Vivian Cortés at the Department of Health and Mental Hygiene for leading the “Ask Before You Act” public awareness campaign on sexual consent for New York City teenagers. She incorporated an interesting and extensive use of community youth teams to select issues and create messaging. Ms. Cortés received a Master of Public Health as well as her undergraduate degree from Columbia University.
Delma Palma, an architect with the NYC Housing Authority who has led a design effort to make novel and captivating use of public spaces in NYCHA projects that serve to link these to their neighborhoods. Delma’s effort was also marked by extensive community participation. Ms. Palma is a Registered Architect and received her Bachelor of Architecture from the University of Notre Dame.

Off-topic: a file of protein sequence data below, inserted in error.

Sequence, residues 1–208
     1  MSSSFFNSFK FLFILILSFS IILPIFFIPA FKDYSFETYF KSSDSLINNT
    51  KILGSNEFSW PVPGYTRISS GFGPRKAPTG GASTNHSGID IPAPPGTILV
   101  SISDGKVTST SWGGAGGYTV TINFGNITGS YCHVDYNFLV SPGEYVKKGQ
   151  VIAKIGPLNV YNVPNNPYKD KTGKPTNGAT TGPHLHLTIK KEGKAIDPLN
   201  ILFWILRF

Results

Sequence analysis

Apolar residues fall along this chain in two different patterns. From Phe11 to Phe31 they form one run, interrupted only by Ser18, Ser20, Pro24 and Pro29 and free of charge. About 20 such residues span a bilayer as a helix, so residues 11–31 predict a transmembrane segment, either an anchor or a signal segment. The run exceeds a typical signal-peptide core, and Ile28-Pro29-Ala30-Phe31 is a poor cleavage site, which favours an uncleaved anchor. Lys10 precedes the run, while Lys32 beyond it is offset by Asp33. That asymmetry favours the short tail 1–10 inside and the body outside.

The team of Minhaj Mahmud and Brian Lindsay, both Apprentice Inspectors, Highways and Sewers at the Department of Transportation for their scrappy and effective development of an IT system now in use at the Department to identify and prioritize work to fix sidewalks. Mr. Mahmud graduated from Louis D. Brandeis High School in New York, York. Mr. Lindsay received his Bachelor of Fine Arts from Savannah College of Art & Design.
The team of Ramneet Kalra and David Tepel have reinvigorated the Department of Health and Mental Hygiene's oral health program. Through their efforts, there has been a six fold increase in school services since 2015, benefitting over 75,000 children. Ms. Kalra received her MBA, Master of Public Health, and undergraduate degrees from Stony Brook University, and is a DrPH candidate at Columbia University. Dr. Tepel received his D.M.D from Tufts University School of Dental Medicine and undergraduate degree from Brandeis University.